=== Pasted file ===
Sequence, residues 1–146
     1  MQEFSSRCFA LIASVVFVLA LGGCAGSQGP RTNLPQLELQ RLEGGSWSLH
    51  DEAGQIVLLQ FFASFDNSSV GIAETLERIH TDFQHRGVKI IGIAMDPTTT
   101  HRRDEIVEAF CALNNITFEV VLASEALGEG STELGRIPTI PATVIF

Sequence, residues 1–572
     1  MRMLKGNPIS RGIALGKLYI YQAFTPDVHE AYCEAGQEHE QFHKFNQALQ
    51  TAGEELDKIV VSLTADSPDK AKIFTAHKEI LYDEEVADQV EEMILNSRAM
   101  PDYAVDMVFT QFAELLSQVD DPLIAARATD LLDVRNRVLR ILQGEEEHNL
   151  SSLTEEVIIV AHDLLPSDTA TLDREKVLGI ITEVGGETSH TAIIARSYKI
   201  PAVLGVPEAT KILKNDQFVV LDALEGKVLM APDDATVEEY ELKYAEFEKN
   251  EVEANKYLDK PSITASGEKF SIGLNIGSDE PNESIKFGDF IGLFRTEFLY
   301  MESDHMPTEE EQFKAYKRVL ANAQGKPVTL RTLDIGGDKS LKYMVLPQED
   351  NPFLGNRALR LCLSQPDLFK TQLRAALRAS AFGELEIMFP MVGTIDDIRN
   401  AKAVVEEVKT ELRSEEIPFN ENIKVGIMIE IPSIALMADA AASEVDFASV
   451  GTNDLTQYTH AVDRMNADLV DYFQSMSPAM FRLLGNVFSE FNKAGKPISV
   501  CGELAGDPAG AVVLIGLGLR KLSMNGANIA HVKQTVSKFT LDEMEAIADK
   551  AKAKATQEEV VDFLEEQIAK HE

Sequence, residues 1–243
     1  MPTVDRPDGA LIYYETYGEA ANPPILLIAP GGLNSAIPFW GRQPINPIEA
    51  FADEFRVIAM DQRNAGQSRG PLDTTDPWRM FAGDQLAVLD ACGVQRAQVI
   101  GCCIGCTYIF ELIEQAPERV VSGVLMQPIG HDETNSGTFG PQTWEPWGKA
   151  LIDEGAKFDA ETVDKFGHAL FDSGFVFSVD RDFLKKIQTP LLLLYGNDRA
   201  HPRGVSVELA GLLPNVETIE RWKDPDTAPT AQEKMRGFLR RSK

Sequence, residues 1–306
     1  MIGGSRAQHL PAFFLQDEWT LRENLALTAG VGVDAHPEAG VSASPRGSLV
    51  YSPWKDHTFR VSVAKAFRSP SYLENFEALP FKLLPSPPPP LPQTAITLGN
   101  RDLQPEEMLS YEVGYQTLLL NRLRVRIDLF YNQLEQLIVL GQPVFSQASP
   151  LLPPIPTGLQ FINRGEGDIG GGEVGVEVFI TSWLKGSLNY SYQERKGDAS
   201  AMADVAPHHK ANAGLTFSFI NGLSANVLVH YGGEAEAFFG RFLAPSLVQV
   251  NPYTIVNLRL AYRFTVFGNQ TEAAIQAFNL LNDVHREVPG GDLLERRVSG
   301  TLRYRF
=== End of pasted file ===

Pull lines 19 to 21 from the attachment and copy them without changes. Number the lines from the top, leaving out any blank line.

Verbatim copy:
     1  MPTVDRPDGA LIYYETYGEA ANPPILLIAP GGLNSAIPFW GRQPINPIEA
    51  FADEFRVIAM DQRNAGQSRG PLDTTDPWRM FAGDQLAVLD ACGVQRAQVI
   101  GCCIGCTYIF ELIEQAPERV VSGVLMQPIG HDETNSGTFG PQTWEPWGKA